There was a discussion on the Insights Training Center mailing list where someone posed a “what would you do in this scenario?” type of question. John Holschen posted some response, and this snippet in particular stood out to me:
If your question was really about the physiology of a hypothetical “hostage shot” that you have no choice but to take…1. Anything other than a bullet in the brain or upper spine is unlikely to produce instant physiological incapacitation.2. Not all bullets in the brain or spine will produce instant physiological incapacitation (especially from a handgun.) I.E. There are no guaranties.On an additional note: I expect that most people in this situation would wish they were more competent in their firearms skills than they currently are (i.e. could more reliably deliver bullets to a smaller target area.)
It’s the last part that stands out.
It probably stands out to me because of this past Saturday’s Skill Builder class. We’re trying to get people to shoot to a higher standard. That B-27 target creates a horrible standard. Not just because it’s anatomically wrong, but on the TX CHL test if you get a hit within the 8 ring or higher, that’s a “good hit” earning the maximum 5 points. That 8 ring is HUGE. If you can only keep your shots within that 8 ring, you’re not doing too good. The reason is, under pressure your skills will degrade. If you can keep things in a 6″ circle even under the artificial pressure of class or competition, then when the flag flies you’ll be able to keep them i that 8-ring. If you can only keep them in that 12″ area when there’s no or very little pressure, when the flag flies you’re going to be making unacceptable hits.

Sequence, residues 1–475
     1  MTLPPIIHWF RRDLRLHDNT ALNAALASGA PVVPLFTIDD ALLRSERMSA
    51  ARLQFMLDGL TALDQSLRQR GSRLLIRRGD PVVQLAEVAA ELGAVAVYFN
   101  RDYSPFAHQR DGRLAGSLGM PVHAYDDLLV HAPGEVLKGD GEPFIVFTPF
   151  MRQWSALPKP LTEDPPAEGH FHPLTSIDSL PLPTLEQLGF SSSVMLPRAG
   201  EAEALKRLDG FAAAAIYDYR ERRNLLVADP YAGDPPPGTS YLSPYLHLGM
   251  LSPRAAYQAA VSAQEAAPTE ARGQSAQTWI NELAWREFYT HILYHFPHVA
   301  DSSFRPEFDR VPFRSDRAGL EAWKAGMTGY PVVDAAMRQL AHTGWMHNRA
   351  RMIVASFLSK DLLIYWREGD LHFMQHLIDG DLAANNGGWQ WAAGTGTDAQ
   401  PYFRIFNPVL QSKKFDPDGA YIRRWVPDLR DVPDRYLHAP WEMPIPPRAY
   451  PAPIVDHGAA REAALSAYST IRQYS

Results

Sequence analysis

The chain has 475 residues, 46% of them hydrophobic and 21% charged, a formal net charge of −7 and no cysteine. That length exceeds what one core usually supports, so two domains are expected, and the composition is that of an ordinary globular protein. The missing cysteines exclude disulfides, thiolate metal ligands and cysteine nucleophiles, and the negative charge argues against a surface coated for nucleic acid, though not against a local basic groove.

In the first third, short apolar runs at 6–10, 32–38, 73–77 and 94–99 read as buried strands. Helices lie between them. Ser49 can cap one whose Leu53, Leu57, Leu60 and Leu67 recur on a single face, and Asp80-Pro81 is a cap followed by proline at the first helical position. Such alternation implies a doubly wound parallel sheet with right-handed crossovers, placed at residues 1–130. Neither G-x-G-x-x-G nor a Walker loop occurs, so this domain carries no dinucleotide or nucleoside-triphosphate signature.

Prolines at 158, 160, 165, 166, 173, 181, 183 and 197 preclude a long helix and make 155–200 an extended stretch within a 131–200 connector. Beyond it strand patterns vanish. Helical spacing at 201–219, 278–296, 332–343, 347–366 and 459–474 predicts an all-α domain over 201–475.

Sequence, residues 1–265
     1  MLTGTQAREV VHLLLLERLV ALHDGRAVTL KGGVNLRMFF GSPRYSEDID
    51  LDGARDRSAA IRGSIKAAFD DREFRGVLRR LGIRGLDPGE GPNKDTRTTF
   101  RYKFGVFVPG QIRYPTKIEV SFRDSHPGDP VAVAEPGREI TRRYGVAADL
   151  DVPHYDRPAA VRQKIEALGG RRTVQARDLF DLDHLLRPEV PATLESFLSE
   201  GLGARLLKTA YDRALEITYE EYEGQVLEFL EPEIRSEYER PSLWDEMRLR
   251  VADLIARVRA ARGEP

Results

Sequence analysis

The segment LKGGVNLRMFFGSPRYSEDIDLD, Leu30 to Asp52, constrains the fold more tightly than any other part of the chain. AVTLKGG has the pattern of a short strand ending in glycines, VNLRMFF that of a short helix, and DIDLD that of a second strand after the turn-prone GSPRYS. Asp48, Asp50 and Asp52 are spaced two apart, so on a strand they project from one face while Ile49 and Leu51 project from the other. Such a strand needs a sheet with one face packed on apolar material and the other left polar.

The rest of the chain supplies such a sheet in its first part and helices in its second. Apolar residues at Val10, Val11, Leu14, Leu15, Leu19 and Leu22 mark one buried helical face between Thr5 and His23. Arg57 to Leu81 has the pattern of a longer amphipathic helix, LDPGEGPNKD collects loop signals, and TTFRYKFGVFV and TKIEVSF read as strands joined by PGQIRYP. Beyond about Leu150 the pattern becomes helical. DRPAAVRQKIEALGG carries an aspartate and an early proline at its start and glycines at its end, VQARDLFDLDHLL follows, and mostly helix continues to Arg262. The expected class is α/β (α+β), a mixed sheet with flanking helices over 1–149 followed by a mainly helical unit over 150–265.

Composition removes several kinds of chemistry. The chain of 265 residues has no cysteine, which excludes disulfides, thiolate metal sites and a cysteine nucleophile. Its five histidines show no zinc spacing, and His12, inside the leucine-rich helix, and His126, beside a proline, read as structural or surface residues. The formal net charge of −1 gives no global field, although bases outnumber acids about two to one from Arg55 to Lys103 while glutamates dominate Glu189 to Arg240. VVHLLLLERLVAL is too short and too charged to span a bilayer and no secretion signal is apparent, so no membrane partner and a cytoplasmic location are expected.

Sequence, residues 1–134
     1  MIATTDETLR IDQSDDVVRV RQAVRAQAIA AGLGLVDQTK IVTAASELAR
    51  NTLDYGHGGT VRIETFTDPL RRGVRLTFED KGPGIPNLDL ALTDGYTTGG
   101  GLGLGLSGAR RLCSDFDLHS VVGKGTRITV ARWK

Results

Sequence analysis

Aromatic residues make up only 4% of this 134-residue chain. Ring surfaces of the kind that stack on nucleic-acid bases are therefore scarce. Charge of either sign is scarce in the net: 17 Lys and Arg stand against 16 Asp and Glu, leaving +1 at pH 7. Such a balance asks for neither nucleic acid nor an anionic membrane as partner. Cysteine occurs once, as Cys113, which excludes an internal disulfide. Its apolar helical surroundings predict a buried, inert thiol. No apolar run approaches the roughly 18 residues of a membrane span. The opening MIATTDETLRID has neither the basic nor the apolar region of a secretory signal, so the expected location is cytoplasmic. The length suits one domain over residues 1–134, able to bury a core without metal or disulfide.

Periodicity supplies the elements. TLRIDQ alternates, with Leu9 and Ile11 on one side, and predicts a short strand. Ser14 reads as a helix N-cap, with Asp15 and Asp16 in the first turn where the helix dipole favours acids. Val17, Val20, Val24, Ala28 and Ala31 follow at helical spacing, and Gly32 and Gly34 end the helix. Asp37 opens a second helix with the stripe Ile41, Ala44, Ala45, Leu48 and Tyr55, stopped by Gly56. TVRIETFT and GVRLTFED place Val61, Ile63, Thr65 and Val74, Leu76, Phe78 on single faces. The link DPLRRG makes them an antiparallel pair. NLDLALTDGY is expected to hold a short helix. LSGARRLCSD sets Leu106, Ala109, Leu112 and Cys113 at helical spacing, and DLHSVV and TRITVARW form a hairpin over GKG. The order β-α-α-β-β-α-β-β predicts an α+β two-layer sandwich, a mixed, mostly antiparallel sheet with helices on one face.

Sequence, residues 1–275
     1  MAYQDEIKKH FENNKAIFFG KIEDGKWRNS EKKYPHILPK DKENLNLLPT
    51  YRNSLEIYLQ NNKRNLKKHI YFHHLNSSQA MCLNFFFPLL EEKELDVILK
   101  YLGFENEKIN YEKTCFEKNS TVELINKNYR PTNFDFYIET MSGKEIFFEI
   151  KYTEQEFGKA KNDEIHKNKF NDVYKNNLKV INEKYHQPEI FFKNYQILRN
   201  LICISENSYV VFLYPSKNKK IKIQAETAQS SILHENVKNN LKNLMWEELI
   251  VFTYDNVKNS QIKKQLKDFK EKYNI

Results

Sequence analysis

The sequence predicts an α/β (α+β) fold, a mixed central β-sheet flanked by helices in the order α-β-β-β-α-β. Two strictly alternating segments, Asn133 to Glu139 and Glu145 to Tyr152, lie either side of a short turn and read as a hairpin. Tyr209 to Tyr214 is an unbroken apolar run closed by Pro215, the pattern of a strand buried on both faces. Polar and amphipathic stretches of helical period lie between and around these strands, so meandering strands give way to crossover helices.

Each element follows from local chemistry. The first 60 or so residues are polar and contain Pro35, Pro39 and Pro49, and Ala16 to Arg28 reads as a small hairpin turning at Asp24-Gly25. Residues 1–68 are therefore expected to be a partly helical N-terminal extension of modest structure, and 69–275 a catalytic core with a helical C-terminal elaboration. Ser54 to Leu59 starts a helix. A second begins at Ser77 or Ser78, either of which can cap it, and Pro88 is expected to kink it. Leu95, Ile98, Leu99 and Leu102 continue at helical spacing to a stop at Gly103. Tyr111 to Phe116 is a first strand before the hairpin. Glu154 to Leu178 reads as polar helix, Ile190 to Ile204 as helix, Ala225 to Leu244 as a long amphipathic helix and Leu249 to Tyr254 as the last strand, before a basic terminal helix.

I recently saw some pictures of some students that passed their TX CHL test, and the targets looked like they had been peppered by a shotgun blast (and one had a textbook case of trigger slapping/yanking). I am happy to see these folks seeking their CHL, and I hope they will seek further training to improve their skills.
In the Skill Builder, we shot at a 3″ dot and worked on groups in that 3″ dot. Then we worked to stay within the “-0″ ring of an IDPA target (8” circle) against the timer. Finally, we moved to the KRT-1 target, which has some rather small targets. The class ended with shooting the “3 Seconds or Less” drill on the A/B zones of the KRT-1, which is tougher than usual because the A/B zones on the KRT-1 are smaller than the corresponding zones on IDPA or IPSC targets.
Can you do this?
Can you do this on demand? Repeatedly?
Can you do this cold? because when you get attacked, you won’t have a chance to warm up.
You must understand that when the flag flies your skill and ability will degrade. Karl likes to bring up something Paul Ford said. Paul is ex-Austin PD and SWAT, been in a few gunfights, and Paul said something to the effect that in a gunfight you will do about 75% of your worst day at the range. So get that. It’s not your best day, it’s your worst day… and then you’ll do even worse than that. Think about your most recent bad day at the range when you just couldn’t hit shit, you just couldn’t perform. And now think about that being worse…. is that how you want to perform when your life or the life of someone you love is at stake? Or maybe you should do what it takes to ensure your worst day is at least better than most people’s best day. So that if you found yourself in that hypothetical situation that John Holschen spoke of, that you’ll have the confidence and knowledge that you can and will perform, instead of wishing you had trained harder.